More Jewish Museum Berlin

January 31, 2012


You may think that there is nothing worth seeing at the Jewish Museum Berlin, since so far this year all I’ve ever reported is going there for afternoon tea, but of course it’s much more than a café venue. During their last visit to Berlin, my parents spent almost 5 hours there and reportedly only saw half of it (they were very thorough)! Since I live right next door and can get in for free, thanks to my ICOM membership, I’ve decided rather than trying to see the whole thing in one big museum marathon, I’ll keep visiting a couple of galleries at a time. So, last Friday I started with my first two galleries:

The museum tour starts on the ground level of the old building. Here there are three paths, or axes, and two what I would call installations, as well as the Rafael Roth Learning Center. The ‘Axis of Exile’ remembers the 280,000 German Jews who fled into exile from the Nazi regime between 1933 and 1941. Exhibits include a collection of photographs of anti Semitic signs, and a copy of the emigration regulations which stipulated what property emigrants were allowed to take with them, much of which was still confiscated anyway. The Axis of Exile leads to the ‘Garden of Exile’, an installation of 49 tilted columns with olive trees growing out of them, standing on sloping ground. It makes you feel slightly dizzy walking around them, which is to reflect the fact that despite exile granting safety, “the escape from Germany and the arrival in a foreign country also caused feelings of disorientation”. The ‘Axis of the Holocaust” commemorates the 6 million Jews in Europe who fell victim to the Nazi genocide, including 200,000 from Germany. Exhibits include photographs, personal documents such as letters, and keepsakes such as toys, jewellery, a blanket from a concentration camp, a violon or a sewing machine, which were e.g. kept hidden, smuggled or were given for safekeeping, and have now been donated to the museum. Some tell the stories of survivors of the holocaust, others of donors’ murdered families and friends. The Axis of the Holocaust slopes up to the Holocaust Tower, a 24 metre high, unheated, empty space lit only by outside light falling through a narrow  slit in the wall. The architect, Daniel Libeskind, called this space the “voided void” and it was “later interpreted as a commemorative space for the victims of the Holocaust”. Finally, the ‘Axis of Continuity’ leads to the the permanent exhibition, which tells the history of the Jews in Germany from 10th century until today.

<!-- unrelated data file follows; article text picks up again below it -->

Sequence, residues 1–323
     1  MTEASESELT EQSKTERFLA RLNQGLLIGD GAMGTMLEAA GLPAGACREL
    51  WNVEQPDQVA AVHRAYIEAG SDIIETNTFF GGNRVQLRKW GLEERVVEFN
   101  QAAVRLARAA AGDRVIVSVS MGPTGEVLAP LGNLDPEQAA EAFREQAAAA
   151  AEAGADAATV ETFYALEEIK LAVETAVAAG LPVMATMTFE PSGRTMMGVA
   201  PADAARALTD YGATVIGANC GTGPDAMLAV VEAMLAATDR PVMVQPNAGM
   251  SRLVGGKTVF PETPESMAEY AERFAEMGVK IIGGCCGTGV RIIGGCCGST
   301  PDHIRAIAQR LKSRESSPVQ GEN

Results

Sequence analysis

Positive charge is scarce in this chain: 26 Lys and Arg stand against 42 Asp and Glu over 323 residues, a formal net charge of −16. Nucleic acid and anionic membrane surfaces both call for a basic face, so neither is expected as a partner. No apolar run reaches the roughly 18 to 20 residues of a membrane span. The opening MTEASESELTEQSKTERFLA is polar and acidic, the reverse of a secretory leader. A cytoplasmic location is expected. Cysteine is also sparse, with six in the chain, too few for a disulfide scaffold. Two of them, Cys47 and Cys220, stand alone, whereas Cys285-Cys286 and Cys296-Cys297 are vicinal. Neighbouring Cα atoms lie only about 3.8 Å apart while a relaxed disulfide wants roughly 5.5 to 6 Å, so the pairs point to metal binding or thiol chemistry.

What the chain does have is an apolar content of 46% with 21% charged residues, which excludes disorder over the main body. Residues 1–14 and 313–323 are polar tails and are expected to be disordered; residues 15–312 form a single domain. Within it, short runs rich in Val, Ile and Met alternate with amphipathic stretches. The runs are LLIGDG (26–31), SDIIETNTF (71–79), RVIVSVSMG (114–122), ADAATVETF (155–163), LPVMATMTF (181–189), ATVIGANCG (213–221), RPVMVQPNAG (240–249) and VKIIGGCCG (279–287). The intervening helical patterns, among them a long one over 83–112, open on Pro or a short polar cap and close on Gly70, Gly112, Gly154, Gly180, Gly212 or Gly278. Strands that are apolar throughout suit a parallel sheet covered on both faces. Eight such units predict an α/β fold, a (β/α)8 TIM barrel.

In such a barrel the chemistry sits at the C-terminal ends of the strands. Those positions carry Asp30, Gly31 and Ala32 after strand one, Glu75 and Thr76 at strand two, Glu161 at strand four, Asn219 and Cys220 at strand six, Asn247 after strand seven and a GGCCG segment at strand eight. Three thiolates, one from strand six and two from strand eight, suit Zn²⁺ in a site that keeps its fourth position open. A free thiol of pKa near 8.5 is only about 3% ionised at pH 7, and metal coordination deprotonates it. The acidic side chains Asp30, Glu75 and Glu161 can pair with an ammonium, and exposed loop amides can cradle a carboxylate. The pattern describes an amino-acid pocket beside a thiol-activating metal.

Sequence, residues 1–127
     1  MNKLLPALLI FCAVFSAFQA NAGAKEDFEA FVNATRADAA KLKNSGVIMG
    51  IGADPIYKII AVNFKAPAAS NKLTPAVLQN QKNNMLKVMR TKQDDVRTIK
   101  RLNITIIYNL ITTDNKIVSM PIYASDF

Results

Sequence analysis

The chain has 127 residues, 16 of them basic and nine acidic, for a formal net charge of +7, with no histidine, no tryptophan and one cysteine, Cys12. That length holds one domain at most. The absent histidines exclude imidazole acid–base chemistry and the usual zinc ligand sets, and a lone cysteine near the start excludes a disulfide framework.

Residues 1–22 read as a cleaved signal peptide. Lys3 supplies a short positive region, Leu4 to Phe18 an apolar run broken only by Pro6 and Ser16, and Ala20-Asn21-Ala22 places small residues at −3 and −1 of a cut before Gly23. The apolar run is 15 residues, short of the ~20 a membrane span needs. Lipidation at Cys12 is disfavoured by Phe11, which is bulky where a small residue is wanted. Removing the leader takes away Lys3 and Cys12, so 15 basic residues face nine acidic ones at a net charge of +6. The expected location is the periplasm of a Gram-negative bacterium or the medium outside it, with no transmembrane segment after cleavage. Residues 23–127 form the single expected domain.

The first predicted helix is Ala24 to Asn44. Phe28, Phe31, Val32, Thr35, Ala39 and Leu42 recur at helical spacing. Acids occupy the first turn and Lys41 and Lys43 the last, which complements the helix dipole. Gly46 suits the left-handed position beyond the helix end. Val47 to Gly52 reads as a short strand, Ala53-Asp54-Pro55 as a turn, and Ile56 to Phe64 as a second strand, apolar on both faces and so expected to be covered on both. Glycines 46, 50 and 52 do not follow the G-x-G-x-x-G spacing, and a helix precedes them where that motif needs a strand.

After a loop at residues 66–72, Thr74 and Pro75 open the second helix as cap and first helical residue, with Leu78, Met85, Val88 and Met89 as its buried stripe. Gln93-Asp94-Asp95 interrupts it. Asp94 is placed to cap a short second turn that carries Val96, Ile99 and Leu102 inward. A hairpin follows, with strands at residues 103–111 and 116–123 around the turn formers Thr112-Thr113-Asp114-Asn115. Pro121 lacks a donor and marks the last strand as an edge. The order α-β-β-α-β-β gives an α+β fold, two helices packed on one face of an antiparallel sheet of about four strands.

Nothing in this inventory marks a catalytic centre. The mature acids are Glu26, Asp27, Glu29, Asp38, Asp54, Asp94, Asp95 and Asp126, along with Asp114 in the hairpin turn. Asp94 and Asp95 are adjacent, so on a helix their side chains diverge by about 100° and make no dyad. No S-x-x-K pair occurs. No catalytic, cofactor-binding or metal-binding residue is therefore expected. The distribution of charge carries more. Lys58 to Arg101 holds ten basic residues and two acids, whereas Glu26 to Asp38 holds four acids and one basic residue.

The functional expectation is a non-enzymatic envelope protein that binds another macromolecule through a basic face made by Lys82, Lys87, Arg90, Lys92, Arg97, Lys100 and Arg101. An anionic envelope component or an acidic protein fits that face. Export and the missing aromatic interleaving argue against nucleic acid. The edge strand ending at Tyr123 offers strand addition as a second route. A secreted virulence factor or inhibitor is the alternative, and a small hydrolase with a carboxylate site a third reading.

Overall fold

The second space I went to see was the first gallery of the permanent exhibition, “The World of Ashkenaz, 950-1500”, which looks at how the “Jewish communities emerged and flourished in the region of present-day Germany”. Themes covered in the exhibits include scholarship and education, language and the art of writing, holy scriptures and manuscripts, music and astronomy, all of which are closely linked, but also the 11th century crusades, when attitudes towards Jews changed – did you know that many prejudices towards the Jews in fact date back to the Middle Ages their origins? – and the subsequent work restrictions imposed on Jewish communities. The exhibition is fairly interactive. Central to the gallery is a large tree, where you can write a wish on a paper pomegranate and pin it on the tree, and in relation to the travelling merchants, there are pots filled with spices such as mustard, star anis, cinnamon, nutmeg, cardamom or cloves, to smell and touch. A wee theatre shows the 9 minute film “A Thousand Years Ago” on a loop, or you can choose between 4 short stories about Diaspora, settlements, trades and persecution to play on another screen. As well as the films, there are also two listening posts, one with a 13th C poem and a 15th C letter, the oldest documents of the Yiddish language, read out in Western Yiddish, and the other with contemporary reports of the 1096 crusades, read out in English or German. Two computer interactives let you see how a page in the Talmud is structured, or learn more about the Hebrew language and  alphabet and write your name. I also really liked the Q&A some of the highlight objects on display. It was a simple lift the flap activity, but the relevant questions encouraged visitors to think about what they were looking at, rather than just read a label with all the answers, e.g. a Roman lamp with questions such as “What was it used for?” or “What does it reveal about Jewish life in Germany?”.

The visit lasted just over an hour, and there was definitely plenty to see in that time. I’ll be back soon to continue with the other galleries :-)


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2 Responses to “More Jewish Museum Berlin”

  1. Beau Says:

    I was in Berlin back in 2014 – wish I had time on my trip to visit the Jewish Museum Berlin! Thanks for sharing!



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